In order to avoid another Lampedusa, the EU should:
a) Explore channels for legal migration based on single application procedures and permits and common sets of rights. Cooperation with third countries should include ways to facilitate circular and temporary migration.
b) Ensure a fair and common asylum system including application procedures at any European Consulate in third countries and shared responsibilities among EU members.
c) Allow ship crews to undertake rescue operations without being accused or criminally charged for saving lives.
A shipwreck off the Italian island of Lampedusa, in which nearly 400 African asylum-seekers and migrants lost their lives in the first days of October, put the issue of immigration back on the political agenda. But the response of European institutions and governments once again revealed the split-personality problem that has long characterized European approaches. These are based in a double standard: we need migrant workers and have obligations towards asylum-seekers under International Law, but we do not want them here.
Hypocrisy was patent in the days following the tragedy. In the middle of a huge media uproar, high-level European and Italian authorities mourned the dead, while the survivors were treated according to current Italian Law and formally considered as criminal suspects.
The EU migration policy is plagued with problems. Firstly it is weak, and most real policies are State-level, fragmented and guided by domestic political considerations rather than by a European vision. The issue is politically sensitive and Governments fear losing control, especially in times of economic crisis and rise of populist and extreme right-wing parties and movements. Although the European Commission has at times tried to push for a unified and single approach, self-interest tends to predominate.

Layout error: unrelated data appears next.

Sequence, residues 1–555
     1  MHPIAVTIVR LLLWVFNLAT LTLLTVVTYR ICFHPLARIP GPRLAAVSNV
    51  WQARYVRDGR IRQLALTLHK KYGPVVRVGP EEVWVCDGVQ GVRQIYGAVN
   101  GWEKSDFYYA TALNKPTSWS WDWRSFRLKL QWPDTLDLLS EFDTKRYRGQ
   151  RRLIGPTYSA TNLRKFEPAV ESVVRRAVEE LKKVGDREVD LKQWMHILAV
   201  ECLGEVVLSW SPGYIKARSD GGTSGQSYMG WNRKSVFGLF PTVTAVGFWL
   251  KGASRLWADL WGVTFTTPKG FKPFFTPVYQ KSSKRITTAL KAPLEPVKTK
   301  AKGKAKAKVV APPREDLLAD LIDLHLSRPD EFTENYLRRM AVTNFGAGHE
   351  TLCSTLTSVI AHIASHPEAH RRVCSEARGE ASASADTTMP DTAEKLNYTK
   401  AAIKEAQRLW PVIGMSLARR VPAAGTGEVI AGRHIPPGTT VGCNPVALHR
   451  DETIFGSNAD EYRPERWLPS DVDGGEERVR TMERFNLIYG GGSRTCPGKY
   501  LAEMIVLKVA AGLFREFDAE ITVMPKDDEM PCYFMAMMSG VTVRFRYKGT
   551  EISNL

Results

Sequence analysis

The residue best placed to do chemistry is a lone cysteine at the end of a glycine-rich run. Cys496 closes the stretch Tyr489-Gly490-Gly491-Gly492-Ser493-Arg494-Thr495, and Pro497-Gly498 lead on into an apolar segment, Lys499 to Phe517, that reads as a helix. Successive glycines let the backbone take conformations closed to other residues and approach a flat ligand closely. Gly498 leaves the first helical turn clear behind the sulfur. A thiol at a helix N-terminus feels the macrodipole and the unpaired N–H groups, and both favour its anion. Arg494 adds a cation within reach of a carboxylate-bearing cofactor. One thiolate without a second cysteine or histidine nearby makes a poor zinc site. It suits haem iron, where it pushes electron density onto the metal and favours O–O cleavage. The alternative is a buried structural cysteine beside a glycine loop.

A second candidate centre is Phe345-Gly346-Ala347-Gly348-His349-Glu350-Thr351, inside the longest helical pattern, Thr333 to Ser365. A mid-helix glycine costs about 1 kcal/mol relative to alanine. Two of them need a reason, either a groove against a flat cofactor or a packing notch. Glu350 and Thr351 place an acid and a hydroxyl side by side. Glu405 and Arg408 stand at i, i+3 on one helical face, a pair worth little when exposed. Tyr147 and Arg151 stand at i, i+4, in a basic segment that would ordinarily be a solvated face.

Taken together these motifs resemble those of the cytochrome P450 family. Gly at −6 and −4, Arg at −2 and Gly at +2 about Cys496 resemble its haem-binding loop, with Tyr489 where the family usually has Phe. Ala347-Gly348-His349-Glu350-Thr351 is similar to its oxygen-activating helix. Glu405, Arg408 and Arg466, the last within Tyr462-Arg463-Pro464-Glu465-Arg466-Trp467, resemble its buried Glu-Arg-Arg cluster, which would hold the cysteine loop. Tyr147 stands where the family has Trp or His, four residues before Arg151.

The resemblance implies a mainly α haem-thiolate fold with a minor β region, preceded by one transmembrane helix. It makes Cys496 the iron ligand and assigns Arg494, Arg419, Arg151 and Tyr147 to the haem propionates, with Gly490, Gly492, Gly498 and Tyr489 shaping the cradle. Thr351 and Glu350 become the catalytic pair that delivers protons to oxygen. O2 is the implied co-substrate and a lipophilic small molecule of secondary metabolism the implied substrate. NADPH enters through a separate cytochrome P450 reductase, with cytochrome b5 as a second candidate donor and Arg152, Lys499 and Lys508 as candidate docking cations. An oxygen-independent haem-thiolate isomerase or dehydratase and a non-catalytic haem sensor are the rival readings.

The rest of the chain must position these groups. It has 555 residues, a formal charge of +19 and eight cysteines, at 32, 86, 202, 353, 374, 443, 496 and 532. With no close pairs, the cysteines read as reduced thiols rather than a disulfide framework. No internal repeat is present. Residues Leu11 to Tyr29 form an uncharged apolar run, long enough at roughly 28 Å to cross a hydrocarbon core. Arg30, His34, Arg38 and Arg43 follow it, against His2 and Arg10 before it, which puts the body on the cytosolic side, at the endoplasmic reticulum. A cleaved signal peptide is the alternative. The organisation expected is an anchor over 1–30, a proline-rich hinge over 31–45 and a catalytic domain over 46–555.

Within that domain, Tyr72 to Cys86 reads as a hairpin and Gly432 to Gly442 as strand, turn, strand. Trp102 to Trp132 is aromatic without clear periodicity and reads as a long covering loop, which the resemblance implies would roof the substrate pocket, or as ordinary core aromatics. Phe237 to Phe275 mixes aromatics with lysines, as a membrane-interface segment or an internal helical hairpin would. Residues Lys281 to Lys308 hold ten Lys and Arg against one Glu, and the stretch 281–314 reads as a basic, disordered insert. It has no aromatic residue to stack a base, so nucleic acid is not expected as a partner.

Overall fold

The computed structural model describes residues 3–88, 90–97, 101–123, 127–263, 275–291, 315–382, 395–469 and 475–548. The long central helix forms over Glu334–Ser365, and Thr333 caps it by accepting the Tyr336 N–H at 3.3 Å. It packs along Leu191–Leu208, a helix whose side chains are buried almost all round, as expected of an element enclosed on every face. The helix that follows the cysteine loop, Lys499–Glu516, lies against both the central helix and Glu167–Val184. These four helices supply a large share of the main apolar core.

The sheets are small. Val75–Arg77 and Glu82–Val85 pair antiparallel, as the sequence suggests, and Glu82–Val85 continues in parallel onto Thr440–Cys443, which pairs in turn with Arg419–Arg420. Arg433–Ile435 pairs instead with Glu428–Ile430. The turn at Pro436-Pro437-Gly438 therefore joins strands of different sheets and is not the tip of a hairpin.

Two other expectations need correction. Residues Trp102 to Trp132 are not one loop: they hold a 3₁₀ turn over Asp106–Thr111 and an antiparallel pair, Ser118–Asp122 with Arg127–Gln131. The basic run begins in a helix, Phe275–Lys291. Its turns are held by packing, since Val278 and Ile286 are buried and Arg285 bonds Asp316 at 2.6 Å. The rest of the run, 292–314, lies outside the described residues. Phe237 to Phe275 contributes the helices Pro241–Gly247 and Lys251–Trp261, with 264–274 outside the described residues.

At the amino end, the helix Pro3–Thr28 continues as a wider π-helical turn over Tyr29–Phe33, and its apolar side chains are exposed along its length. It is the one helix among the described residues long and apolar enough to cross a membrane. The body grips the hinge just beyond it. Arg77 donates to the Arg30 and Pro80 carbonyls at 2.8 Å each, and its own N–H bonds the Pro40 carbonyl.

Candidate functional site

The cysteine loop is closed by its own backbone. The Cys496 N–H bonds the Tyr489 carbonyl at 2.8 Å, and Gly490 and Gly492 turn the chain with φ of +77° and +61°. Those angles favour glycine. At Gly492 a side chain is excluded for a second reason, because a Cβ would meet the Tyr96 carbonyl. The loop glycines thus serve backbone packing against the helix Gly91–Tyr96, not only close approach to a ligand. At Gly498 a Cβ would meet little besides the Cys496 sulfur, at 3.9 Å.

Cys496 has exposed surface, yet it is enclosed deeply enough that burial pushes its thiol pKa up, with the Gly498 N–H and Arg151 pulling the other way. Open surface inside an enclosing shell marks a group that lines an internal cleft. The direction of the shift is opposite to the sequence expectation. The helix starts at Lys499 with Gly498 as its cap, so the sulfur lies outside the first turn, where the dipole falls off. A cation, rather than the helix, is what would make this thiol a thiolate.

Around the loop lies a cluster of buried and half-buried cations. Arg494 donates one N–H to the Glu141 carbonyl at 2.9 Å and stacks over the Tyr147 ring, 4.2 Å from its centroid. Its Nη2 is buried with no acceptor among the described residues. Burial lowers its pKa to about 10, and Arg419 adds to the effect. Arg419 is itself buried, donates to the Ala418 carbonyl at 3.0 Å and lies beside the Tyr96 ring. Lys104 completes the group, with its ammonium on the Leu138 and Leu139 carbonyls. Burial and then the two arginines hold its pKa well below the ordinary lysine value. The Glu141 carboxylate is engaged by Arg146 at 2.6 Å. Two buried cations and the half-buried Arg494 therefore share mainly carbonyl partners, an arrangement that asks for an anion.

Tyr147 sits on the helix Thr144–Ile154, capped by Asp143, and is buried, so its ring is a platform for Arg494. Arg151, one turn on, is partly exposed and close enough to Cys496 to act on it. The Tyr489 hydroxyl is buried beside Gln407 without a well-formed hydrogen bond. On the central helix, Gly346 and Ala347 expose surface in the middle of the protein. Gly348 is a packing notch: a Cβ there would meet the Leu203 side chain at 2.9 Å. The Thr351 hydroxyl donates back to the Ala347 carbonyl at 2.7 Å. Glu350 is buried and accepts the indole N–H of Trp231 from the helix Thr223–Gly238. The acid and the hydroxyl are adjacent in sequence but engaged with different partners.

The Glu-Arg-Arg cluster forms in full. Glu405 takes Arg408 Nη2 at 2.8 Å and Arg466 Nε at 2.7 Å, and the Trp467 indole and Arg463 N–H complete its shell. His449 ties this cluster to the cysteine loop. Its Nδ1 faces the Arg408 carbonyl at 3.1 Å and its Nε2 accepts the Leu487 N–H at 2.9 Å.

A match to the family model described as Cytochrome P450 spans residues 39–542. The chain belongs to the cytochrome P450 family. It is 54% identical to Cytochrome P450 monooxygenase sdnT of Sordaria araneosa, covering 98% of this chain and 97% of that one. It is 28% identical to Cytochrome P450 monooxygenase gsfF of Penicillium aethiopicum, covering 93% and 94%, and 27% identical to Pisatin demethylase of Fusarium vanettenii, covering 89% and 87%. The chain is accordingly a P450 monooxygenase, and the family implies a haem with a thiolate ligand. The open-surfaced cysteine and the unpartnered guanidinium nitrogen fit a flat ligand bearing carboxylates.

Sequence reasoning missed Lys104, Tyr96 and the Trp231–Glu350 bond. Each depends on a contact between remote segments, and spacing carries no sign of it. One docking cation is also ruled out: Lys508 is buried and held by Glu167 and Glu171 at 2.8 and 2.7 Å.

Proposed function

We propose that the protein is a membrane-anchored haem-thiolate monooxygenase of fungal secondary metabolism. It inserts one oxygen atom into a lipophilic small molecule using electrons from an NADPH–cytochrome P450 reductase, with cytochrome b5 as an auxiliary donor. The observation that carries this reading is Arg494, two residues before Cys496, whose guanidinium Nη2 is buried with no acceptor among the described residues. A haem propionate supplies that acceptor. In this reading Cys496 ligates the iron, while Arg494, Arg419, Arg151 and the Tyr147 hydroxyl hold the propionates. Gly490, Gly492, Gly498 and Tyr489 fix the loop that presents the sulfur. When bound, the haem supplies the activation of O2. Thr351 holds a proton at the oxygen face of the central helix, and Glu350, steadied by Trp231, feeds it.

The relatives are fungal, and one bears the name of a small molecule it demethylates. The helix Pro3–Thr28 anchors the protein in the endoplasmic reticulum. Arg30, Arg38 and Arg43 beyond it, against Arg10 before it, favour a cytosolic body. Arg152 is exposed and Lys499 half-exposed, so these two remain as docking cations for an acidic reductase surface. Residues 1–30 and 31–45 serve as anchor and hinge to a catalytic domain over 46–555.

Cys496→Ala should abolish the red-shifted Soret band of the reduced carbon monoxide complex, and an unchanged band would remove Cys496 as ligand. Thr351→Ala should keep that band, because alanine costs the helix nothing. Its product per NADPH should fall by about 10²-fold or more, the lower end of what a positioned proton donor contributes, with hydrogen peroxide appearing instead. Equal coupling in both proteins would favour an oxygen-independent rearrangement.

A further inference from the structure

Secondly, policies towards migrants, refugees and asylum seekers have fallen under a securitization approach where people are not considered as human beings but part of an external ‘threat’. The responses match those assumptions. The EU has invested millions of Euros in recent years to halt unwanted immigration.
The agency FRONTEX was created in 2004 to tighten surveillance along the Mediterranean borders (making it one of the most closely monitored maritime areas in the world). Its budget has grown from 6.4 million Euros by 2006 to 84.9 million by 2012. A new and tightened surveillance scheme, EUROSUR, will enter into force next December including satellite systems, drones and high resolution cameras, and improved information exchange among member states and with FRONTEX.
The EU’s border security is also managed through agreements and cooperation with third countries, without further consideration for the methods they use to halt people (that sometimes include inhuman and degrading treatment), as denounced by Amnesty International, Mèdecins Sans Frontiéres and the Office of the High Commissioner on Human Rights (UN), among others.
The Dublin II regulation establishes that requests for asylum must be handled by the country where the person first arrives (mostly Eastern and Southern countries), and imposes heavy restrictions on further movement within the European Union.
The Bossi-Fini Law passed in Italy under the last Berlusconi Government provides powers to the Navy to block the entry of migrant boats to Italian territory by stopping them when they are in international waters. Furthermore, the law includes a criminality clause that applies to anyone who helps illegal migrants to enter the country. It even criminalizes the fishermen or crew of commercial boats who seek to help migrant vessels in dangerous situations, including prosecution and confiscation of boats. Many of them are now too afraid to help.